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This week’s Sunday Times article by our favourite journalist, Luke Johnson, reviews creativity in thinking and the disruption caused by successful businesspeople.
Here’s Luke Johnson’s article…
Entrepreneurs are the anarchists of the business world. Their mission is to overthrow the existing order. They can succeed because markets are essentially chaotic, which creates endless opportunities for interlopers to challenge the norm.
Trade, technology and changing behaviour mean that societies are increasingly dynamic. Established organisations are constantly trying to maintain the status quo, but they are almost always doomed to decline. Many industries are essentially burning platforms, but their leaders are in denial about the threats.
In many walks of life — politics, the public services, the professions and so forth — a belief in hierarchy, certainty and risk-aversion dominates. Entrepreneurship is the antithesis of this. To start a business, launch new products or enter fresh markets requires the ability to embrace insecurity in an attempt to forge the future.
Corporatism encourages people to think that change can be resisted. Managers and investors believe too much in plans and budgets, and assume they can anticipate problems. This desperation for safety makes them more vulnerable. Increasing regulation and bureaucracy just make organisations less adaptable and, like insurance, can foster complacency and moral hazard.
Economists mostly struggle to comprehend entrepreneurs and their impacts because they try to analyse them using the usual academic tools. The very nature of entrepreneurship is that it is unpredictable and hard to categorise, yet without it there would be no enterprises to generate wealth, taxes and jobs.
One reason why entrepreneurs can outperform large companies, despite having far fewer resources, is that creativity flourishes better inside small, hungry companies — before they become cumbersome and suffocated by office politics and red tape.
Invention thrives outside rigid structures and cautious environments, yet these are the hallmarks of big organisations. Corporates prize consensus over originality; they believe in endless compromise rather than anything radical.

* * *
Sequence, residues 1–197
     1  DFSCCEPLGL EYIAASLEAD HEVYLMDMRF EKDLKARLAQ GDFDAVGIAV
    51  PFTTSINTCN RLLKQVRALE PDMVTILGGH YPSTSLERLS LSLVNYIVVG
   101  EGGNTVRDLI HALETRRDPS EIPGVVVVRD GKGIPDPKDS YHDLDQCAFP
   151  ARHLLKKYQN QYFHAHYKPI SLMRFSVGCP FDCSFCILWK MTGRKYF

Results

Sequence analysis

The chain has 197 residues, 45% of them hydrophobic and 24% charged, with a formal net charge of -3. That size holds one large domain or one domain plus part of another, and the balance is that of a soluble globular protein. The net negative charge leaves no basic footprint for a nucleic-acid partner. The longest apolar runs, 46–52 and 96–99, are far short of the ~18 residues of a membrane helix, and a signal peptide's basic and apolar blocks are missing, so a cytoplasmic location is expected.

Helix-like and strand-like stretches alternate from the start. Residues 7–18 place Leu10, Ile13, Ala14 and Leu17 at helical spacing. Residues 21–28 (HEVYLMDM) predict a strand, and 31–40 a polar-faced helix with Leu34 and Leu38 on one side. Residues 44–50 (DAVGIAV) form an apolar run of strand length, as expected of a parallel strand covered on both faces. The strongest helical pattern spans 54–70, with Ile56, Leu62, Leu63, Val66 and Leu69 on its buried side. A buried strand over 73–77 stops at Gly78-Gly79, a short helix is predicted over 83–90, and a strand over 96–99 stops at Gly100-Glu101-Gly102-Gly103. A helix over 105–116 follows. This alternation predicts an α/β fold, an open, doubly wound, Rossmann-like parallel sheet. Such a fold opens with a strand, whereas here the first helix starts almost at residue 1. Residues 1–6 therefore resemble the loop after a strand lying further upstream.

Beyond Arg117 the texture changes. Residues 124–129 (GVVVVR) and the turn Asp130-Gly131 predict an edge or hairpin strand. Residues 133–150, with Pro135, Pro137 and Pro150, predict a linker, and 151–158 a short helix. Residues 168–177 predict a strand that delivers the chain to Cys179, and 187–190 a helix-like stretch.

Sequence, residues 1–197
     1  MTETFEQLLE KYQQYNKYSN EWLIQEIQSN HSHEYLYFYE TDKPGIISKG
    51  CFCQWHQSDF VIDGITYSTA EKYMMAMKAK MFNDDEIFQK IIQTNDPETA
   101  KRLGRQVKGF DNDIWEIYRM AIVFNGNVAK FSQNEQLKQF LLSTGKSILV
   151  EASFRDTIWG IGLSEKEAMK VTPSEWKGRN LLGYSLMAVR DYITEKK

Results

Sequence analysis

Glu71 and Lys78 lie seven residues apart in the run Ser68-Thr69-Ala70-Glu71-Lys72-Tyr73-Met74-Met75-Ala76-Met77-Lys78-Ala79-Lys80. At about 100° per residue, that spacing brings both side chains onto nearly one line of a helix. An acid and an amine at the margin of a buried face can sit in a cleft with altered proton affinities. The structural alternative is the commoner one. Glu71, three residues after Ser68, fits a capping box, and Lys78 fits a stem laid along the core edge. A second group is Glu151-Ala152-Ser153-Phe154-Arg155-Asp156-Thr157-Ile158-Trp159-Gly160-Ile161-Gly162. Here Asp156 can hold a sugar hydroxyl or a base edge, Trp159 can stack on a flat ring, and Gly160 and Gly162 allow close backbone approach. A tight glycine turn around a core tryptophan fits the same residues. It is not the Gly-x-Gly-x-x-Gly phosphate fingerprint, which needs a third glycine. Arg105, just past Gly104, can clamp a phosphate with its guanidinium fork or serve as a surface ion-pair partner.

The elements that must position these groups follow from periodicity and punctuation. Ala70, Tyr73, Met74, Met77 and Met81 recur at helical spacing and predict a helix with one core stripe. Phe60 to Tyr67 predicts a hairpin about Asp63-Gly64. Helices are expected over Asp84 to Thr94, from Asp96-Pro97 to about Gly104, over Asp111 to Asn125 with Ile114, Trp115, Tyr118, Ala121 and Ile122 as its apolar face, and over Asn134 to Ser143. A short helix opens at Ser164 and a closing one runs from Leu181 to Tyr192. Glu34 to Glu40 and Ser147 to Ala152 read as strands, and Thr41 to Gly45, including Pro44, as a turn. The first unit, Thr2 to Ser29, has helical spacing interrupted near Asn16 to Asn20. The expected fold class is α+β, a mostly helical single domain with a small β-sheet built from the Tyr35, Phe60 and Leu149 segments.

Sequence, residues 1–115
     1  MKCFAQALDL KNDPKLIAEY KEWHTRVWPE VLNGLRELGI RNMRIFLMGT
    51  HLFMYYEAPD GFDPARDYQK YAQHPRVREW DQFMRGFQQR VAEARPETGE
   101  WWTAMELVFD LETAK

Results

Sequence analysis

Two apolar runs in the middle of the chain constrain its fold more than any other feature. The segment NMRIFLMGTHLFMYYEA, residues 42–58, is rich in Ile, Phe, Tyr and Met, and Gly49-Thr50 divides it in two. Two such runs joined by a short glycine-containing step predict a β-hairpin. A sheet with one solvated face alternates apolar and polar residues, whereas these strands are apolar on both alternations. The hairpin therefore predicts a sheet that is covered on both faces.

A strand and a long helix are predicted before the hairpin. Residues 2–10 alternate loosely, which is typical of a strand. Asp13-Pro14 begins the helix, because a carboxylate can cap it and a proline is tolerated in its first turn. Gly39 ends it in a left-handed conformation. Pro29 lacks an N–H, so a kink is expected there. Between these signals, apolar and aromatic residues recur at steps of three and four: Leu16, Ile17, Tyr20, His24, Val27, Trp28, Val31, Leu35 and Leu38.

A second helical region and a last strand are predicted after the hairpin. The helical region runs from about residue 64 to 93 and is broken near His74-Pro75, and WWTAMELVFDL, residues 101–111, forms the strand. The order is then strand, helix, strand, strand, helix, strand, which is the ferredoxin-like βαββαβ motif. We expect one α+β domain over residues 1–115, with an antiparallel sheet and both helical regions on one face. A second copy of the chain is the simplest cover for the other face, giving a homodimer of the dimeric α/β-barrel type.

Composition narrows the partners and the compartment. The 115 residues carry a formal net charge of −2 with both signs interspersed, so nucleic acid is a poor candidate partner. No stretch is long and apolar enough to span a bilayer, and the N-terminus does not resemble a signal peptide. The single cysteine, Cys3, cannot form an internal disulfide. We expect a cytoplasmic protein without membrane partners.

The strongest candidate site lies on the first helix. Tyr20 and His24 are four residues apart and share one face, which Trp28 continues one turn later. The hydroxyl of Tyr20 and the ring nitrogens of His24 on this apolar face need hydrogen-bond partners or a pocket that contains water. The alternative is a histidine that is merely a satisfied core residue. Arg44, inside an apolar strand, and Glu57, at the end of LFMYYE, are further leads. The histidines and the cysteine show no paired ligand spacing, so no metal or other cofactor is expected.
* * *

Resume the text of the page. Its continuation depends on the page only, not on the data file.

I celebrate the essence of entrepreneurship because it cannot be pigeon-holed. As Patrick McGoohan, playing No 6 in the fabulous TV series The Prisoner, says: “I will not be pushed, filed, stamped, indexed, briefed, debriefed or numbered. My life is my own.” Every entrepreneur is a disruptor and a libertarian — even if they might not describe themselves as such.
Many of the finest entrepreneurs I’ve partnered have been fierce contrarians, happy to stand against the crowd, resisting the groupthink that so corrodes institutions from within. Peer pressure can be a powerful impulse, be it in a boardroom, lecture theatre or pub. Working on your own, or at least outside big entities, permits revolutionary ideas to foment — ideas that would be killed at birth inside the cosy corporate womb.
Capitalism succeeds because millions of people want to control their destinies and enjoy the freedom of running their own businesses. In every nation, if the state sets a sensible framework and gets out of the way, the animal spirits of armies of entrepreneurs will be unleashed, to the betterment of all.
Socialists such as Jeremy Corbyn fail to see that more government, public spending, taxation and regulation is not the answer. These just crush individual initiatives, which taken together are what actually deliver progress. The centralised command-and-control model always fails to deliver prosperity and liberty. The Labour Party leadership simply does not understand the power of markets, incentives, competition, trade, choice and innovation.
Of course, civilization requires the rule of law and basic property rights, but, sadly, so many people in positions of authority want more restrictions, more intervention, more nanny state — all for our own good, of course. I prefer to rely on the common sense and desire for self-improvement among a large proportion of the population.
Ultimately, the most important things in life are not determined by systems, legislation or five-year plans. Love, happiness, the gift of children, friendships — all arise in erratic and impromptu ways.
Similarly, entrepreneurship is a vital yet haphazard part of humanity, which can never be replaced by artificial intelligence. No machine will ever replicate the ingenuity and drive of the wealth creators.
You can read the original article here.
Luke Johnson is chairman of Risk Capital Partners and the Institute of Cancer Research.
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